In 1970 Singapore was poor, with a GDP per capita of $950. Thirty years later it was one of the richest countries on Earth.
There is much to learn from Singapore’s speedy metamorphosis from a colonised, third-world country to a very wealthy high-tech hub, says Brenthurst Foundation Director Greg Mills in a Daily Maverick article on the late Singapore founder, Lee Kuan Yew.
However, says Mills, there is a danger that Africans might take the wrong lessons from Lee and Singapore.
Is an authoritarian government essential for transformative growth in a developing country? Can democracy deliver Asian Tiger results?
Listen to the audio (scroll down) in which Mills answers these questions and more.
Since 2000, only nine out of 85 autocracies have sustained economic growth and more than half of those suffered dramatic economic collapses during this period. The longer you are democratic the more chance you have of growing economically. Singapore grew despite their lack of democracy, not because of it.— Greg Mills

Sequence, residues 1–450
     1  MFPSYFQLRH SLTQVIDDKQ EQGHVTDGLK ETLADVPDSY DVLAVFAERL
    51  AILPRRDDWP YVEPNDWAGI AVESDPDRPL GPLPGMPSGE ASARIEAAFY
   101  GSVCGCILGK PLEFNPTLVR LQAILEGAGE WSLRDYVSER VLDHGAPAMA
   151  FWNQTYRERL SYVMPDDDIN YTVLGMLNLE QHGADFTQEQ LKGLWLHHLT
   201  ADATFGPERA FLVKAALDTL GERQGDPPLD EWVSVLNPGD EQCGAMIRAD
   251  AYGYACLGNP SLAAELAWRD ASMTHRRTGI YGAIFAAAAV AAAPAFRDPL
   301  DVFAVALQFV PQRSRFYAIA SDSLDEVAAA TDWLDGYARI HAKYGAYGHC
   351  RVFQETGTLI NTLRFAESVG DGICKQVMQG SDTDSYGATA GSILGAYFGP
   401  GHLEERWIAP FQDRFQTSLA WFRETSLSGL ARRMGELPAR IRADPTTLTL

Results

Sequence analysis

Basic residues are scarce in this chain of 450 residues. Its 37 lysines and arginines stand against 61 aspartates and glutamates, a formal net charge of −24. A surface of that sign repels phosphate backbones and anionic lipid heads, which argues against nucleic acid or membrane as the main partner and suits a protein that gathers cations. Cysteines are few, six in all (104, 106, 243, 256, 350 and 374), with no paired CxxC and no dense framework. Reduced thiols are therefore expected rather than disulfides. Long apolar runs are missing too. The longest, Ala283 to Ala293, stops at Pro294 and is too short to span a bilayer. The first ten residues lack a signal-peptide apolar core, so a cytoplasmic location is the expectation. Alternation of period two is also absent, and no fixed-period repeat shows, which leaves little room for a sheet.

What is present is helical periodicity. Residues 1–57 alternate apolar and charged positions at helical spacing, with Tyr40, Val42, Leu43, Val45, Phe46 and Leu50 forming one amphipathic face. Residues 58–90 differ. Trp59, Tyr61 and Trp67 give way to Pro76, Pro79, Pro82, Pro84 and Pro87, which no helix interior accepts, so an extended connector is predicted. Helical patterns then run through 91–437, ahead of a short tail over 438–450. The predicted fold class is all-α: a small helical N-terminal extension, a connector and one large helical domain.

Singapore is NOT a yes-man society.— Greg Mills
We’ve already tried the non-democratic model in Africa and it was a disaster!— Greg Mills
We obscure the many components of Singapore’s success by focussing only on its authoritarian nature.— Greg Mills
This article first appeared on 702 : Is authoritarianism (e.g. China, Singapore) a prerequisite for breakneck growth?